On this day in 1697, James Garrett wrote to Captain Thomas Bowrey from Portsmouth in response to a letter Bowrey had sent him
When Bowrey took the leaking St George Galley into Portsmouth harbour the previous December, he did so without a pilot despite the difficult currents in the area. The galley collided with a Swedish ship, commanded by Garrett, sustaining more damage. Bowrey was now concerned that the owners of the Swedish ship may sue him for damages and wanted to know before the accounts for the aborted voyage were completed.
Garrett responded that the cost of repairing damage to his ship was £5/7/0 (the equivalent of about £670. Garrett had already paid out half this amount but added that there may yet be more damage discovered. Generously, Garrett said that if he was paid half, just £2/13/6, no legal case would be brought against Bowrey. If he refused, he would go to law and the cost will be much greater.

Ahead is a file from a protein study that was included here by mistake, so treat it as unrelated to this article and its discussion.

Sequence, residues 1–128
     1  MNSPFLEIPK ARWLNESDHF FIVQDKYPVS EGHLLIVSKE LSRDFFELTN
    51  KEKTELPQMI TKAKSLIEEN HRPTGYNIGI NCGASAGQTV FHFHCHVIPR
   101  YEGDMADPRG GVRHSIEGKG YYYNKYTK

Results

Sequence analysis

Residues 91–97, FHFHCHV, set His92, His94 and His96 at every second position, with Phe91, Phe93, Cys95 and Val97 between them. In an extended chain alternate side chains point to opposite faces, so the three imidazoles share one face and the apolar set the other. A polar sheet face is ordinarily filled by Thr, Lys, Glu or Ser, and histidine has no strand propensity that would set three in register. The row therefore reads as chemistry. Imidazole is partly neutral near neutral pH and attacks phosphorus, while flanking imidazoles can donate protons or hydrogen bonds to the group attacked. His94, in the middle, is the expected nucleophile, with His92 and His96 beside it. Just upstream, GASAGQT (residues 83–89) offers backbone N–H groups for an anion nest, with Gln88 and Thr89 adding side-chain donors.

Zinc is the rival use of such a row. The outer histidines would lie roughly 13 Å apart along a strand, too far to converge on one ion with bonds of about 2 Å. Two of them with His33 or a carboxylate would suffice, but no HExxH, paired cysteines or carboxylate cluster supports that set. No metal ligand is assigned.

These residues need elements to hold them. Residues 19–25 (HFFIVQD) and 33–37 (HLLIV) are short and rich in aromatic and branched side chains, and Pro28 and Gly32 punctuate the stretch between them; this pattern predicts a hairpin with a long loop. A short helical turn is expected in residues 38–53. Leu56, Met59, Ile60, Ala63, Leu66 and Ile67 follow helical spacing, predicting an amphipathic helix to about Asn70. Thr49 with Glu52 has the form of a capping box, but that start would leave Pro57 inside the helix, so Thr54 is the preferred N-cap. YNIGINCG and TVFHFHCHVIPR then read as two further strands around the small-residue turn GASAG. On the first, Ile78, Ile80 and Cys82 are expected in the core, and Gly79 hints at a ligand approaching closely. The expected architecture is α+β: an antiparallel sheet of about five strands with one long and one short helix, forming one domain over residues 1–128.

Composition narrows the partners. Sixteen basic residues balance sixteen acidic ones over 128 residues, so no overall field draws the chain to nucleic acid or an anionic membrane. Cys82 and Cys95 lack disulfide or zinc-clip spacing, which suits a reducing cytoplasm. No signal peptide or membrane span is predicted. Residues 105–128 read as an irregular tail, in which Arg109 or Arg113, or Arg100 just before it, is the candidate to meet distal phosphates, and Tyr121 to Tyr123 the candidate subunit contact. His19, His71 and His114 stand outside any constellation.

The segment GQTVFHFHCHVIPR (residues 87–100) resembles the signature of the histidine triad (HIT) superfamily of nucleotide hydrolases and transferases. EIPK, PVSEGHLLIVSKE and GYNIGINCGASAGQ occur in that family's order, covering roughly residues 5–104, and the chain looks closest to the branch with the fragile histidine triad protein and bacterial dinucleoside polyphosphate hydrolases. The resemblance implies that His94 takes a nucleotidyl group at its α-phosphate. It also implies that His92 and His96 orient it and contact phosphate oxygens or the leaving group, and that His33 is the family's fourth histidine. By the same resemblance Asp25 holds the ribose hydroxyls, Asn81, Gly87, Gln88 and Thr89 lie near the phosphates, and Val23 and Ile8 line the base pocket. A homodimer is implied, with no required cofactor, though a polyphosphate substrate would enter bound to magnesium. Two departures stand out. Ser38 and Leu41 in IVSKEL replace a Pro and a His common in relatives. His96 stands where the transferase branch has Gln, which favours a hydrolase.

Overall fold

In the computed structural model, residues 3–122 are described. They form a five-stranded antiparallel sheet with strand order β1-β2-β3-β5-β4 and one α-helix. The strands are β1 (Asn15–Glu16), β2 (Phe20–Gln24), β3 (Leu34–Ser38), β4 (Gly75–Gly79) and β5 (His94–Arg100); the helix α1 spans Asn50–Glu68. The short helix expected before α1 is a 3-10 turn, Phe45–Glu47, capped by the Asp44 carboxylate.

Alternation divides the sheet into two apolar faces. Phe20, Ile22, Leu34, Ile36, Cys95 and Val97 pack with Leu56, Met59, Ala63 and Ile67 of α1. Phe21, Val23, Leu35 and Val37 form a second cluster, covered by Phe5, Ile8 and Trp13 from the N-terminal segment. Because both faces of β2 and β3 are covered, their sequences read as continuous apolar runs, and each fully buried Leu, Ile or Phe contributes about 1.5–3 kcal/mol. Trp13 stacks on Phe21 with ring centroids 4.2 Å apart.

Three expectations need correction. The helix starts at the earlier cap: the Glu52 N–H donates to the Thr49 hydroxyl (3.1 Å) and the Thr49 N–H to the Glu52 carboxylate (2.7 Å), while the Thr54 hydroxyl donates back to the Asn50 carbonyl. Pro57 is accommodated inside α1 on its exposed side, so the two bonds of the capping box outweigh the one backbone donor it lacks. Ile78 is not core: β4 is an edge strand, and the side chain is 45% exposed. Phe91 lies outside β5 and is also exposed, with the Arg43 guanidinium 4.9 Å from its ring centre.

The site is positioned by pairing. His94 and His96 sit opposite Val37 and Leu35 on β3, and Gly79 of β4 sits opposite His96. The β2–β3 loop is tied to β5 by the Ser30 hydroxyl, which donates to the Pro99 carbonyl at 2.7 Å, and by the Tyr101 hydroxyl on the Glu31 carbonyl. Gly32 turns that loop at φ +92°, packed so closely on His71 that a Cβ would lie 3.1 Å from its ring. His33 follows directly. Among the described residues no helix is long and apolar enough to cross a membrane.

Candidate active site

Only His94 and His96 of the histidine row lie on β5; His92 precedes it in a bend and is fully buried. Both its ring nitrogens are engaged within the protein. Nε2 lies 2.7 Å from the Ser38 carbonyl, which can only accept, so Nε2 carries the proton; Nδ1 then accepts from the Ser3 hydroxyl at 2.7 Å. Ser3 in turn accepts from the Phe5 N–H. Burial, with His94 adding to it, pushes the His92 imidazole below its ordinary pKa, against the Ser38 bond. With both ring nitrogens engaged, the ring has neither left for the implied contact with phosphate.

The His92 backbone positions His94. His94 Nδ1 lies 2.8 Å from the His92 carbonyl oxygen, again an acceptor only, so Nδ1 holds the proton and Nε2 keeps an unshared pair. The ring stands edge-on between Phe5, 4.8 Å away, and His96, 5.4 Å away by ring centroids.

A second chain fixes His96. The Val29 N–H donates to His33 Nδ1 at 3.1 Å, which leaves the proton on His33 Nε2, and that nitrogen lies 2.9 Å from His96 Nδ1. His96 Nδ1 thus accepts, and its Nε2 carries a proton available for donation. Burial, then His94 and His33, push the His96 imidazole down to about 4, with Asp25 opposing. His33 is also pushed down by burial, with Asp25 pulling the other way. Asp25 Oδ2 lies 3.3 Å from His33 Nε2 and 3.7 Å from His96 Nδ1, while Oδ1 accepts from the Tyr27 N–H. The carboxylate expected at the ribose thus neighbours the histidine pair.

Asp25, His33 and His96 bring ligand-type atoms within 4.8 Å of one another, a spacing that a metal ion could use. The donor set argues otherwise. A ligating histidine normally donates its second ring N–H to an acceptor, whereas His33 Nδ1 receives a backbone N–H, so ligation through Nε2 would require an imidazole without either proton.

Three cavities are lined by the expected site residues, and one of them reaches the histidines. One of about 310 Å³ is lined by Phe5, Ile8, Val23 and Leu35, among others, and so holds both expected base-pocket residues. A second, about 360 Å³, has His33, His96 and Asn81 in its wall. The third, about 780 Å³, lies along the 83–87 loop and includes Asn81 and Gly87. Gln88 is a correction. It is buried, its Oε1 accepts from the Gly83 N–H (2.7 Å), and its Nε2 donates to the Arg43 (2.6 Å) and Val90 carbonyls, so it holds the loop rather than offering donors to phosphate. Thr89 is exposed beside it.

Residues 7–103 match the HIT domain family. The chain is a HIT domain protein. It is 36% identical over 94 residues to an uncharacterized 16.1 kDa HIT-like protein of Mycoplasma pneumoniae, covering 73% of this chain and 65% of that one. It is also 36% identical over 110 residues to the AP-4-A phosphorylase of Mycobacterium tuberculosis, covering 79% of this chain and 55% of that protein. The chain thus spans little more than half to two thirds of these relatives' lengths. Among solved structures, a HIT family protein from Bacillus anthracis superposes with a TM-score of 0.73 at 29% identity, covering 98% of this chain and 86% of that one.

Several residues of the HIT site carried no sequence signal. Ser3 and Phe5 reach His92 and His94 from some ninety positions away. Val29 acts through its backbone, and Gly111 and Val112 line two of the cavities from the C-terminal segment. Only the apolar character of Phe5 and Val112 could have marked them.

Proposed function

I believe that Bowrey paid up but it seems strange that Garrett was not claiming the full amount, not only of the damage already discovered, but also of any other found later. Was Garrett just being sympathetic to a fellow sea captain or was blame less clear cut?